On November 1st, The Dark Lord, which I co-authored with John Peck under our joint penname of Jack Heckel (Wonder Twin powers, activate!), will be released as an ebook. It’s the start of a new series, unrelated to A Fairy-tale Ending and The Pitchfork of Destiny. It shares a sense of humor with The Charming Tales, but overall, it has a different tone, a touch darker and slightly more serious. The novel parodies epic fantasy, much in the same way our first series has fractured fairy tales.
In the book, Avery Stewart, grad student at Mysterium University, has assumed the identity of the Dark Lord on the sub-world of Trelari, a world similar to Middle-Earth, Azeroth, the Forgotten Realms, Krynn, the world of the Belgariad or any of a number of other fantasy novel settings. His purpose is to cause the Heroes of the Age to unite to defeat him, basically inoculating the world from evil, like a vaccine causing the body to protect itself from disease. Everything goes well, and with a few days to go, he leaves his experiment running. When an undergrad, Vivian, steals the key to Trelari’s reality, Avery has to go back to Trelari to set things right. The problems? His only ally is his roommate who made a boardgame out of his dissertation. Without the key to reality, he has to follow the rules of the sub-world, which means, among other things, going to a bar and recruiting a group of adventurers. The final problem? He’s allied with the same heroes who fought him as the Dark Lord.
And that’s not to mention dark riders, gelatinous slimes, golems, trolls, gnolls, and a plethora of traps… and more. Read the rest of this entry
As I start to write this, I have 17 minutes left of the one year publication anniversary of Once Upon a Rhyme. With the possible exceptions of Umbra: The Velvet Shadow (my first major roleplaying book) and Sons of Fenris (my first published novel), nothing has had a larger impact on my writing life. Since that day, I’ve been a guest at the New York Comic Con, a guest at my local game and sci-fi/fantasy convention RavenCon, had a sequel published (Happily Never After) and written a third book, Pitchfork of Destiny. I’ve had other works at least be considered in the office of a major publisher, and it appears likely that I’ll have a new series start in 2016.
What a year!
And on August 25, 2015, Jack Heckel has another book – A Fairy-tale Ending! And that’s the one that I want to warn everyone about. If you own Once Upon a Rhyme and Happily Never After, please DON’T buy that book! It is a collection of those two books together in one place, and hopefully in a month or two, it will be released in paperback. I just don’t want anyone getting confused and thinking that it’s the third in the series. That will be Pitchfork of Destiny coming in December.
However, if you know someone who hasn’t read the series, please recommend A Fairy-tale Ending, because it contains both books, and a cool map along with some additional editing. If they haven’t started the series, it’s a good way to be caught up on everything. I guarantee that they will laugh.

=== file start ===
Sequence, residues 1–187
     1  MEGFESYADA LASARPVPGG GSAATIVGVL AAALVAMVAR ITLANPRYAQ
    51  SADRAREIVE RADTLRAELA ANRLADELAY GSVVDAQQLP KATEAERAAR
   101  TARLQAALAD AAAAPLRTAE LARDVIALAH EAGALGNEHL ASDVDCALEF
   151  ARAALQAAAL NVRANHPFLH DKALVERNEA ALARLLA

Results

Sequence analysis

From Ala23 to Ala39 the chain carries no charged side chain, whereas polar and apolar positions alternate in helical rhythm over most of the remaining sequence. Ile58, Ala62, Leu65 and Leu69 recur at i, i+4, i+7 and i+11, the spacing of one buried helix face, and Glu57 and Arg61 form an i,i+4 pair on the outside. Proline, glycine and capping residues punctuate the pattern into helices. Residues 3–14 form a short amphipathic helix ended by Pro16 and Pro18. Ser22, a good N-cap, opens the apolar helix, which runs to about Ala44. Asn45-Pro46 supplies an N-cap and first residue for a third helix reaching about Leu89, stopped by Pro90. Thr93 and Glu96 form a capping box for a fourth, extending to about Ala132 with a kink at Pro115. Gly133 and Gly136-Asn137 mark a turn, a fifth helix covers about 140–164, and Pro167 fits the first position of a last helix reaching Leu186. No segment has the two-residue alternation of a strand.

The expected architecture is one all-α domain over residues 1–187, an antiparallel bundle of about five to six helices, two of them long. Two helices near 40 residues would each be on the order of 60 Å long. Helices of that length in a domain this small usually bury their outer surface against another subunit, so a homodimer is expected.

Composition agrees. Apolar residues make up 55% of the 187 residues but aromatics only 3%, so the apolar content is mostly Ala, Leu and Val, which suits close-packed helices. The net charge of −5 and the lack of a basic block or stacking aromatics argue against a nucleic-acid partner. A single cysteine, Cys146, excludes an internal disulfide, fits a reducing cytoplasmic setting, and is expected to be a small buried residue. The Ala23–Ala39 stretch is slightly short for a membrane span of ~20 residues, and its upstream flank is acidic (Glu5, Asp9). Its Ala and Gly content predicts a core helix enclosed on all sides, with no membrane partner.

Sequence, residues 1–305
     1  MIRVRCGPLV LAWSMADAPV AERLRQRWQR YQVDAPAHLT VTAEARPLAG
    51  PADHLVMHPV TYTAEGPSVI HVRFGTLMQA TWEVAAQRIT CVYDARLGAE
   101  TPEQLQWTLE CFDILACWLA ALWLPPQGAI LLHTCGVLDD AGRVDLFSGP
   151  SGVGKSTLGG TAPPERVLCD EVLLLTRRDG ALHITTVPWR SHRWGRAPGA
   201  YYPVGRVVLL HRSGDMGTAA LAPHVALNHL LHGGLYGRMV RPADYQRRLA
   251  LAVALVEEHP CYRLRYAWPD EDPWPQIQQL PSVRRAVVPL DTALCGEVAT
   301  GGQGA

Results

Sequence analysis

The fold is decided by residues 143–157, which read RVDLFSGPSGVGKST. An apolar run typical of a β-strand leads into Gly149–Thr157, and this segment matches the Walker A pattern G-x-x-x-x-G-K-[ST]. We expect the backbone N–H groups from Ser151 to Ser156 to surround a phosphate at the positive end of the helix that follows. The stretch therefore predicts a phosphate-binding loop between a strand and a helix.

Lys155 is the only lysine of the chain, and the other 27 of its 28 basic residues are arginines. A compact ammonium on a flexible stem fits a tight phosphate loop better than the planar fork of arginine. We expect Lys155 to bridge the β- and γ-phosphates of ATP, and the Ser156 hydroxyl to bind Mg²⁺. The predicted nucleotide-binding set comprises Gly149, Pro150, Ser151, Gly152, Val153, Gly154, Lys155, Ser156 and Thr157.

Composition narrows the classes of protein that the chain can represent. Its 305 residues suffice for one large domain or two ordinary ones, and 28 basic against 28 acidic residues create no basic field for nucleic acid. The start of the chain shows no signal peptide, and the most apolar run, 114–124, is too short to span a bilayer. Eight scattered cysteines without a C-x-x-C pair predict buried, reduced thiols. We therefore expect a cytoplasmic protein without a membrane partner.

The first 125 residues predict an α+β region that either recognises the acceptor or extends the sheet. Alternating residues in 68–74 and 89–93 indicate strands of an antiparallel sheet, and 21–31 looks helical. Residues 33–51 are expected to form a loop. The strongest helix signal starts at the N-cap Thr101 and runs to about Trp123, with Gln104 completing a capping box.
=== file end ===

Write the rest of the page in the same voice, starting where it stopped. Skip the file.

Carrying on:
I also want to thank everyone who has helped me over the years to keep writing. So many of you have inspired me and continue to do so. Thank you. Read the rest of this entry
In the midst of the excitement of Nanowrimo (and yes, I have a lot more to post on that including more Freedom Squad), I had a book release! On November 25th, the sequel to Once Upon a Rhyme, Happily Never After, was published as an ebook. It’s available on Kindle, Nook, iTunes and of course, Harper Voyager’s own website.
I’m extremely pleased to have the sequel out within a few months of the first book. In this book, the story started in Once Upon a Rhyme comes to its conclusion. We’ve been compared to The Princess Bride and Shrek by reviewers, which pleases me to no end, as that’s exactly what we were hoping for. If you enjoyed the first book, I’d love to know what you think about Book 2. I’m hopeful that in a time where Into the Woods is coming out as a movie and Once Upon a Time is on television, that these two books will be ones that people can discover and enjoy. Wishing everyone the best!
When John Peck and I originally started writing the books which became The Charming Tales, we started with an outline that we both agreed upon. I remember being very excited about beanstalks, geese that could lay golden eggs, witches who lived in gingerbread houses and how our two main characters would deal with all of them.
And as we wrote, all of those exciting ideas blew away like a straw house facing off with a big bad wolf.
Our characters, particularly Liz Pickett and the rescued Princess Gwendolyn, suddenly took the plot into their own hands. We realized that we couldn’t write the book and follow the outline. The characters wouldn’t let us. We had too many questions about what they would do, and we both discovered that we were much more interested in what would happen to them than what would occur in our original plot.
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